2. My software is designed to use the same config file for multiple applications (or stubs). Each application has its own section, i.e. [App1], in the config file, and for simplicity purposes I would not like to use different files for different applications. I need to find the exact name of the running application before I use iniParser to locate its config values. Keeping in mind that the application could be running on Linux or Windows O/S. In which case I will need to have another routine to strip the pathname (e.g. c:\dir\app1 or ~/bin/app1) from the application name (e.g. app1) before using iniparser_getsecname() function to locate the desinated section (e.g. [app1]).
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evilrixSenior Software Engineer (Avast)Commented:
>> I will need to have another routine to strip the pathname
Q&D function below.

After: sPath == "app1 "
#include <string>
 
#ifdef _WIN32
#define PATH_DELIM '\\'
#else
#define PATH_DELIM '/'
#endif
 
int main()
{
	std::string sPath = "c:\\dir\\app1 ";
	std::string::size_type pos = sPath.rfind(PATH_DELIM);
	if(sPath.size() > 1 && pos != std::string::npos) { sPath = sPath.substr(pos + 1); }
 
	return 0;
}

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TexanLonghornAuthor Commented:
evilrix, please let me know if it's possible to get the same source code for the pathname stripper in C, instead of C++. If so can you provide it?
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evilrixConnect With a Mentor Senior Software Engineer (Avast)Commented:
Try this.
#include <string.h>
#include <stdio.h>
 
#ifdef _WIN32
#define PATH_DELIM "\\"
#else
#define PATH_DELIM "/"
#endif
 
void strip_path(char * szPath)
{
	char const * curpos = strtok(szPath, PATH_DELIM);
	char const * pos = NULL;
	while(curpos = strtok(NULL, PATH_DELIM)) { pos = curpos; }
	if(pos) { strcpy(szPath, pos); }
}
 
int main()
{
	char szPath1[] = "c:\\dir\\app1 ";
	char szPath2[] = "app1 ";
 
	strip_path(szPath1);
	printf("Path1: %s\n", szPath1);
 
	strip_path(szPath2);
	printf("Path2: %s\n", szPath2);
 
	return 0;
}

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TexanLonghornAuthor Commented:
Do you believe the following standard function would do the same work as your strip_path() and would work on Windows (_WIN32) and other Unix/Linux like operating systems?
#include <unistd.h>
char * basename (const char *name);
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evilrixSenior Software Engineer (Avast)Commented:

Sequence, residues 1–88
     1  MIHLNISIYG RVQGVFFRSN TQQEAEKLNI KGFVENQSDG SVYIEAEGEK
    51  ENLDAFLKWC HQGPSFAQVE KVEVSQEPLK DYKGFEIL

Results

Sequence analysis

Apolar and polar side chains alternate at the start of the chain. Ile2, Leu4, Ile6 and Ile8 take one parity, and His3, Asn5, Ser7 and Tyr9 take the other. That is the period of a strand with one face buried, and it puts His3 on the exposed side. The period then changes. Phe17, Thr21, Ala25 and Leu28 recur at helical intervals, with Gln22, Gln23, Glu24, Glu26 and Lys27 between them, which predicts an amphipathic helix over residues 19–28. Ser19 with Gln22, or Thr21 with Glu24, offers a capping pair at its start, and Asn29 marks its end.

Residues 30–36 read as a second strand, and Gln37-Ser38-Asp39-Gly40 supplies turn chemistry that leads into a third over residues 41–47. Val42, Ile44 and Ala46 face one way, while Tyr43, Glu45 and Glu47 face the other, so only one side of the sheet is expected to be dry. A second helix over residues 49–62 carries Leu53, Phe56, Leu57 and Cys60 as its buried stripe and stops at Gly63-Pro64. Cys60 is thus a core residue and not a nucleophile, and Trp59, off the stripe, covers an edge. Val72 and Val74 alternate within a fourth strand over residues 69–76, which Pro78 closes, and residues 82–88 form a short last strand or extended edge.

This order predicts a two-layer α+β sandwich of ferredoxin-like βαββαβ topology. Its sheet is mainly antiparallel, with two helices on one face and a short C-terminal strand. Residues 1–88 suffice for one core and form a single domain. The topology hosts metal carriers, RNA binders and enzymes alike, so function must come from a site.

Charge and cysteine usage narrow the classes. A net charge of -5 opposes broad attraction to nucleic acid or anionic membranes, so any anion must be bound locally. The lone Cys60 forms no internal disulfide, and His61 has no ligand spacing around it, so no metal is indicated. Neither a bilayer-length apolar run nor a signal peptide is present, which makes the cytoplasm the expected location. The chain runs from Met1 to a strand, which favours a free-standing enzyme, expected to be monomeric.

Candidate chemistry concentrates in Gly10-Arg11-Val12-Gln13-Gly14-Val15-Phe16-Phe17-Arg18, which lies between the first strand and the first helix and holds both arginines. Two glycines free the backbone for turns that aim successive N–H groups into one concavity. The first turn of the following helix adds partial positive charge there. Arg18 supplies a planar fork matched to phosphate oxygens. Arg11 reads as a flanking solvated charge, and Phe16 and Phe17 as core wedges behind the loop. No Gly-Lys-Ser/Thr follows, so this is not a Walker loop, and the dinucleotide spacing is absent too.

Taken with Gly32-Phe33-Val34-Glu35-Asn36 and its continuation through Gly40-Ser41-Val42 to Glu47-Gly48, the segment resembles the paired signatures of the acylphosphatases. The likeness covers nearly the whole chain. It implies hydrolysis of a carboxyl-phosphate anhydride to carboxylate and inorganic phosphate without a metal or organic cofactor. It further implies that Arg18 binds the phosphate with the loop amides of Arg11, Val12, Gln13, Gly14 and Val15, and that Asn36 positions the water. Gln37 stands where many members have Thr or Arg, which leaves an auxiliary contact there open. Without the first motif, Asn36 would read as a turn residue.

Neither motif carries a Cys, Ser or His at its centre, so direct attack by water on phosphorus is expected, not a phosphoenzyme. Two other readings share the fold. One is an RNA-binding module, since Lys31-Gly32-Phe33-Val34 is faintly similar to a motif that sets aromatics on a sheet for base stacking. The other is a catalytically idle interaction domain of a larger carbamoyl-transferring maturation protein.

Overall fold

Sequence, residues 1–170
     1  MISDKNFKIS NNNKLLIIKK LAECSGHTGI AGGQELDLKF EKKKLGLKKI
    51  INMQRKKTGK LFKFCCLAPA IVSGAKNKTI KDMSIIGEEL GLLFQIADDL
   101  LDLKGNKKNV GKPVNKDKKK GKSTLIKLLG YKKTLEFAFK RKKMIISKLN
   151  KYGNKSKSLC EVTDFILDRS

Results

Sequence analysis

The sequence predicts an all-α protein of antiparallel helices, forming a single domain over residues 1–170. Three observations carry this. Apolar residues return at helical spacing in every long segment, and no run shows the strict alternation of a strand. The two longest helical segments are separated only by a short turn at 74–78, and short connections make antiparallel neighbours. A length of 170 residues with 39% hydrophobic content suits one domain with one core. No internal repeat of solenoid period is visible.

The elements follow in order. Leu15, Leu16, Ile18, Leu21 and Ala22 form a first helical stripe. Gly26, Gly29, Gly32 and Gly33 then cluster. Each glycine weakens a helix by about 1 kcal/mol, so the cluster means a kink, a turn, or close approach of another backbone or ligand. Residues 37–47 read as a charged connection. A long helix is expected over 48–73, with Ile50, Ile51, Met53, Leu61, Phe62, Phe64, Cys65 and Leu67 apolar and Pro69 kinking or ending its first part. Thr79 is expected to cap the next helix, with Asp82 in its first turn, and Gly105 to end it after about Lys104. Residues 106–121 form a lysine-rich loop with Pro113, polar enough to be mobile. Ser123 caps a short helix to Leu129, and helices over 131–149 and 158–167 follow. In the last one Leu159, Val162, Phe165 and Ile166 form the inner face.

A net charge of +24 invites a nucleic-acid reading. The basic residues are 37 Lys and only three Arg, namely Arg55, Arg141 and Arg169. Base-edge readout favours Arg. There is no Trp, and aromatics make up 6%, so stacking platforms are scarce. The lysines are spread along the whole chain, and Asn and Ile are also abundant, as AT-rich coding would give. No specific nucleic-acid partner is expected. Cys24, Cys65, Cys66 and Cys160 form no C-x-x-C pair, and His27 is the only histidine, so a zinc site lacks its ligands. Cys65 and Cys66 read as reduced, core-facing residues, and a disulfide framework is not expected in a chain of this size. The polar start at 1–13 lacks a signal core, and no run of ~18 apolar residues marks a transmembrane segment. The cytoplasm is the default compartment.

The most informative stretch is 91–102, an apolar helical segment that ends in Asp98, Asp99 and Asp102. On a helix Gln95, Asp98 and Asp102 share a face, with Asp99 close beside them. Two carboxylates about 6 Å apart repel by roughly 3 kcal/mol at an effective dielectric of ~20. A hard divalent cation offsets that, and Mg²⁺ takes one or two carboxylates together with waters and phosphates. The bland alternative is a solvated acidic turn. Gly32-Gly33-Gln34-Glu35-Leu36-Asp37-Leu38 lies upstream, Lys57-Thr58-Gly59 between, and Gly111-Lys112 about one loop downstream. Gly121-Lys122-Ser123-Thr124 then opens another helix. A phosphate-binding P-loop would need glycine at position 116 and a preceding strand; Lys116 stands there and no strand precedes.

The unistd.h header is a Unix only header so no, I don't think it will be x-platform. I cannot find any reference to this function on the MSDN.

http://opengroup.org/onlinepubs/007908799/xsh/unistd.h.html
http://en.wikipedia.org/wiki/Basename

-Rx.
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evilrixSenior Software Engineer (Avast)Commented:
>> I cannot find any reference to this function on the MSDN.
Actually, it's a Unix OS program and not a function, right?
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evilrixSenior Software Engineer (Avast)Commented:
>> Actually, it's a Unix OS program and not a function, right?
Maybe it's both -- Posix does have a habit of naming functions the same as programs that offer Shell support via that function :) Anyway, no I don't think it'll be x-platform.
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evilrixSenior Software Engineer (Avast)Commented:
>> Maybe it's both
I couldn't initially find it as a function on my Linux box but I think I may have mis-typed it, oops! Anyway, found it now :)

Here is the online doc for the function itself.
http://www.opengroup.org/onlinepubs/000095399/functions/basename.html

The header it uses is libgen.h.
http://www.opengroup.org/onlinepubs/007908775/xsh/libgen.h.html

If you are only targetting Unix then this may be a good way to do this, if you are looking to be x-platform you may find split_path() a better choice.

NB. split_path() is not production quality code, I just knocked it up quick so you should test it throughly.

-Rx.
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TexanLonghornAuthor Commented: